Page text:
During an event hosted by the Council on Foreign Relations on Thursday Robert Redfield is said to have provided a sobering reality check on the devastating impact of the virus through winter.
“We are in the timeframe now that probably for the next 60 to 90 days we're going to have more deaths per day than we had at 9/11 or we had at Pearl Harbor,” Mr Redfield said, according to reports.
The warning came as the country surpassed 3,000 recorded deaths in a single day as a result of the disease, its highest single-day death toll since the pandemic began.
The record number surpassed the 2,977 death toll reached during the 11 September 2001 terror attacks and the 2,403 fatalities recorded during the attack on Pearl Harbour.
Using two tragedies as an illustration, Mr Redfield conveyed the staggering loss of life the country is expected to face in the coming weeks, despite the likely authorisation of a Covid vaccine.
Amid record deaths, the Trump administration has spent a large portion of the last week celebrating the likely authorisation of Pfizer’s vaccine candidate, which is expected to receive emergency use approval as early as Friday.
On Thursday, Vice President Mike Pence said that the US is only a “few short days away” from the “beginning of the end of the coronavirus pandemic” while praising Operation Warp Speed, attributing the development of the “medical miracle" to the government programme.
Pfizer has disputed the White House’s attempts to take credit for development under Operation Warp Speed as the company did not accept US money for the development of the vaccine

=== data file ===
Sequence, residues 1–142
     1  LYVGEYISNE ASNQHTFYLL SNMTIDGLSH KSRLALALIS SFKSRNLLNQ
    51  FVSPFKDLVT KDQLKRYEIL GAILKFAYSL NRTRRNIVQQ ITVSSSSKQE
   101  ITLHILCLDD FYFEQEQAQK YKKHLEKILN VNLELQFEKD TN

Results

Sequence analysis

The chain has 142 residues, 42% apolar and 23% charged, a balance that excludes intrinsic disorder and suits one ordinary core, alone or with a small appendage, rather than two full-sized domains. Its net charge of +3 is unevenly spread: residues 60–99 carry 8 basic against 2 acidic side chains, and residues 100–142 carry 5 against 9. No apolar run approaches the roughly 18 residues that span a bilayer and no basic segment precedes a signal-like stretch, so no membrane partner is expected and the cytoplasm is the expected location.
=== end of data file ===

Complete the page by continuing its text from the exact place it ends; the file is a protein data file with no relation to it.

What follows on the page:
While Mr Pence noted that the coronavirus cases in the US are growing, he said that “America has never been better prepared to combat the coronavirus than we are today.”
Experts have stipulated that vaccine distribution won’t stop the current surge in deaths as a result of the virus, fearing the Christmas season could only worsen the pandemic.
“The reality is the vaccine approval this week's not going to really impact that I think to any degree for the next 60 days,” Mr Redfield said of the virus’s toll, according to The Hill.
The majority of US residents are not expected to receive the vaccine until early 2021, with healthcare workers and nursing home residents being prioritised for the shot.
Last week, the Institute for Health Metrics and Evaluation (IHME) predicted that half a million people may lose their lives by 1 April as a result of the disease, an additional 270,000 deaths from 30 November.
As of now, the public health crisis has led to the deaths of more than 290,000 people in the US, with more than 15 million confirmed infections of the disease.
Mr Redfield reportedly urged Americans to “double down” on preventive measures to stem the virus spread in the short term including mask-wearing, social distancing, and avoiding social gatherings.
“Where I think we could have done better as a nation is actually had more consistency in messaging, among all the American public, not just our political leaders, not just our governors, but all the public [around masks],” he said.
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